Evolution and connectivity in the world-wide migration system of the mallard: Inferences from mitochondrial DNA
1 Resource Ecology Group, Wageningen University, P.O. Box 47, 6700 AA, Wageningen, The Netherlands
2 present address: Conservation Genetics Group, Senckenberg Research Institute and Natural History Museum, D-63571 Gelnhausen, Germany
3 present address: Laboratory for Infectious Diseases and Screening (LIS) Centre for Infectious Disease Control, National Institute for Public Health and the Environment (RIVM), Bilthoven, The Netherlands
4 Ecological Watch of Siberia, Komarova street 27/6/5, 644074 Omsk, Russia
5 Department of Chemistry, Omsk State University, St. Prospect Mira 55a, 644077 Omsk, Russia
6 Centre for Wildlife Ecology, Simon Fraser University, V5A 1S6 Burnaby BC, Canada
Citation and License
BMC Genetics 2011, 12:99 doi:10.1186/1471-2156-12-99Published: 17 November 2011
Main waterfowl migration systems are well understood through ringing activities. However, in mallards (Anas platyrhynchos) ringing studies suggest deviations from general migratory trends and traditions in waterfowl. Furthermore, surprisingly little is known about the population genetic structure of mallards, and studying it may yield insight into the spread of diseases such as Avian Influenza, and in management and conservation of wetlands. The study of evolution of genetic diversity and subsequent partitioning thereof during the last glaciation adds to ongoing discussions on the general evolution of waterfowl populations and flyway evolution. Hypothesised mallard flyways are tested explicitly by analysing mitochondrial mallard DNA from the whole northern hemisphere.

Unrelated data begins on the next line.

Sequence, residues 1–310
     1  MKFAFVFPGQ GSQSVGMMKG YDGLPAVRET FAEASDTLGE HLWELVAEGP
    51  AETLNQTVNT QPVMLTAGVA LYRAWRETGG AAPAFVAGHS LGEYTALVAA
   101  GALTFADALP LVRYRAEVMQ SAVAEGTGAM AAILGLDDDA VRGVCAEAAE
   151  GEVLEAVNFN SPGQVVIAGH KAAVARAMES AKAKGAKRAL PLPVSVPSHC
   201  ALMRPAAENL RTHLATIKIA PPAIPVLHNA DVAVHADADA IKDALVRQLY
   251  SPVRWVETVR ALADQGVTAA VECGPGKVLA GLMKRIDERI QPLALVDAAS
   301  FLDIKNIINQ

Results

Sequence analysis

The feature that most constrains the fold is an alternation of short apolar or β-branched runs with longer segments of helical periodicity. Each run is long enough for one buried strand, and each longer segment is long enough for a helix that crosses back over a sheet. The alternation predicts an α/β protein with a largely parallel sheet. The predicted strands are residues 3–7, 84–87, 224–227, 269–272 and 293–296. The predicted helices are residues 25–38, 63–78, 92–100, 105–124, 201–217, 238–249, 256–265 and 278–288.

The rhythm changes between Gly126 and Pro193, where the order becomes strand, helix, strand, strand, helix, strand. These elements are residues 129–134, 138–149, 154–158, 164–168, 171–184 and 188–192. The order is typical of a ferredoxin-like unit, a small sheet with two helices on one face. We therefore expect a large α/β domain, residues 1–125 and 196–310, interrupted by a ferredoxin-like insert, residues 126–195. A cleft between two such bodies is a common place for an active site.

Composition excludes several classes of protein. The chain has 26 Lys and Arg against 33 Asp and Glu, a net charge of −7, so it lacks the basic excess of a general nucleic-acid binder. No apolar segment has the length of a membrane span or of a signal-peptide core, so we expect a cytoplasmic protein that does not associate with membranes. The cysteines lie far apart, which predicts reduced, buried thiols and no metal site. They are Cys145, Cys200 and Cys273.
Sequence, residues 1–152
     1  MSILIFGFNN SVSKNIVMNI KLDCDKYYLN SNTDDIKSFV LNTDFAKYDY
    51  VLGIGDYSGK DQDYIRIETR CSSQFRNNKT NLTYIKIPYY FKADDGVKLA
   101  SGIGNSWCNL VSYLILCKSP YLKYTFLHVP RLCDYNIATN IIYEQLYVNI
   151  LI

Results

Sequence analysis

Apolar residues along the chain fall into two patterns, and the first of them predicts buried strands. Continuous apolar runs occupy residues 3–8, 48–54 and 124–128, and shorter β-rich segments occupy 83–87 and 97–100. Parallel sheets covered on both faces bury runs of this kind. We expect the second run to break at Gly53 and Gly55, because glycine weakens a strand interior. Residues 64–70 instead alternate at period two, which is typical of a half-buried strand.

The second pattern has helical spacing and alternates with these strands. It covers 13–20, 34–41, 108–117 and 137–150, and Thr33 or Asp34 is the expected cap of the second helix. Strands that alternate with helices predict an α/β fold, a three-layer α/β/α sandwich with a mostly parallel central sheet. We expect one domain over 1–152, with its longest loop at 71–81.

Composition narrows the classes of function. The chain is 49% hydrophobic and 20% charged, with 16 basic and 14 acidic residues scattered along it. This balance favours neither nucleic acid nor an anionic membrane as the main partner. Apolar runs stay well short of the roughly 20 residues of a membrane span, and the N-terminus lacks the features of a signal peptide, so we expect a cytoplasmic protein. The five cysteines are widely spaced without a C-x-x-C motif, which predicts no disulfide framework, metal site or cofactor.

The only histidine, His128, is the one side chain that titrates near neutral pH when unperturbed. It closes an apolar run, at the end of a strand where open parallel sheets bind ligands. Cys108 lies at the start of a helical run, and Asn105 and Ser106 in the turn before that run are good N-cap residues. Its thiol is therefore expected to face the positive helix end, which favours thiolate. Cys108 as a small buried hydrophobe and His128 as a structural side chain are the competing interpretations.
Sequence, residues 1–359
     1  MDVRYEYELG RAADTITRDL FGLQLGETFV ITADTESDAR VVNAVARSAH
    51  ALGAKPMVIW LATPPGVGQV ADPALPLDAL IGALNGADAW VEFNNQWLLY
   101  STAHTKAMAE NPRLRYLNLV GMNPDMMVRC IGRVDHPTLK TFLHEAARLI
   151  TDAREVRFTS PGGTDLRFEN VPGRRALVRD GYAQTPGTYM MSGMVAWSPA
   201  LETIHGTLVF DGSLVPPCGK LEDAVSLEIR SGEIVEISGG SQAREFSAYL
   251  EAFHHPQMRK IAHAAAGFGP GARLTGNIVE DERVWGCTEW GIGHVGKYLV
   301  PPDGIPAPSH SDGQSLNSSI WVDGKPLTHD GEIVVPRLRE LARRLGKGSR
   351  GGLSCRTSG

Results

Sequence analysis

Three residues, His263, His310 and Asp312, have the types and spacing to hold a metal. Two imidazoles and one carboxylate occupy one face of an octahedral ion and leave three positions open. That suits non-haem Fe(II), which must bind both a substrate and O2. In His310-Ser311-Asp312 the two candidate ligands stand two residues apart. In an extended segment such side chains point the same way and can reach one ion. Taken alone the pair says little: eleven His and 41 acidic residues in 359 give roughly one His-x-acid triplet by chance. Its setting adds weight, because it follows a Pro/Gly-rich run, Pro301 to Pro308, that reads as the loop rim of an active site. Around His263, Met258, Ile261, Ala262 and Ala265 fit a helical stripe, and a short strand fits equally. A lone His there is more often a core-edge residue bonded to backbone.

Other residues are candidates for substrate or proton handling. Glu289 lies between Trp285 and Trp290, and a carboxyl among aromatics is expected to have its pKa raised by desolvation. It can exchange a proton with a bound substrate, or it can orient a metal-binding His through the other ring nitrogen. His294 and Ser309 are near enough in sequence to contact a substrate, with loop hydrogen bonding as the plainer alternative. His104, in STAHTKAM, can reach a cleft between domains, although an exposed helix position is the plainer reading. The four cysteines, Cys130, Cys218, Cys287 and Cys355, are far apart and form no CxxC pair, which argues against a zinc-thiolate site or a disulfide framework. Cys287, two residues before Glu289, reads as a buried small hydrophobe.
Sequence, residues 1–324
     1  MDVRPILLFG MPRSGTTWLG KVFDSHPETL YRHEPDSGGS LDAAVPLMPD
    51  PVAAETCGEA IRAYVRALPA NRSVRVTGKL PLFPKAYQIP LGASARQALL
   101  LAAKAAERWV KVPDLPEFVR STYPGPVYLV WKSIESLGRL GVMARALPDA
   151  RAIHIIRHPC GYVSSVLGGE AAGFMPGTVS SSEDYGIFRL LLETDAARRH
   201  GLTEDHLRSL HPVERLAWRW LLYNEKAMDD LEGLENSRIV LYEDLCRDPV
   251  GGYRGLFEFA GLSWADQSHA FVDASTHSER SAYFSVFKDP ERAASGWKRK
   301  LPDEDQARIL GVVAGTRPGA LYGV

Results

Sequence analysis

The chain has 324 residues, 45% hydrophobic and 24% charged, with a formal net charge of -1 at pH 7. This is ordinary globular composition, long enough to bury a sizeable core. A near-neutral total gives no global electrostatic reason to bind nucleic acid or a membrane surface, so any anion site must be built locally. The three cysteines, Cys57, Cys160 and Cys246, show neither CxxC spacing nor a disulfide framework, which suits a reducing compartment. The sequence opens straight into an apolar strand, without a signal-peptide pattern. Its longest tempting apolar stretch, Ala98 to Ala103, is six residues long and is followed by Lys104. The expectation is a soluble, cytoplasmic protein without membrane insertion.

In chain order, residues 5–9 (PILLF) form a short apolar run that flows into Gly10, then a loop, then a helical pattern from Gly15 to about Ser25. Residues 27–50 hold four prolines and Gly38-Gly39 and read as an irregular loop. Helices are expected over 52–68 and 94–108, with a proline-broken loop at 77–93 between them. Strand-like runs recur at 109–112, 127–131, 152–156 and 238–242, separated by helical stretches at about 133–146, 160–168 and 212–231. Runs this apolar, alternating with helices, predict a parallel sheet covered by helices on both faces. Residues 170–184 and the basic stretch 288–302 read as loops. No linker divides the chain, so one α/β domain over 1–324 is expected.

Phylogenetic analyses confirm two mitochondrial mallard clades. Genetic differentiation within Eurasia and North-America is low, on a continental scale, but large differences occur between these two land masses (FST = 0.51). Half the genetic variance lies within sampling locations, and a negligible portion between currently recognised waterfowl flyways, within Eurasia and North-America. Analysis of molecular variance (AMOVA) at continent scale, incorporating sampling localities as smallest units, also shows the absence of population structure on the flyway level. Finally, demographic modelling by coalescence simulation proposes a split between Eurasia and North-America 43,000 to 74,000 years ago and strong population growth (~100fold) since then and little migration (not statistically different from zero).
Based on this first complete assessment of the mallard's world-wide population genetic structure we confirm that no more than two mtDNA clades exist. Clade A is characteristic for Eurasia, and clade B for North-America although some representatives of clade A are also found in North-America. We explain this pattern by evaluating competing hypotheses and conclude that a complex mix of historical, recent and anthropogenic factors shaped the current mallard populations. We refute population classification based on flyways proposed by ornithologists and managers, because they seem to have little biological meaning. Our results have implications for wetland management and conservation, with special regard to the release of farmed mallards for hunting, as well as for the possible transmission of Avian Influenza by mallards due to migration.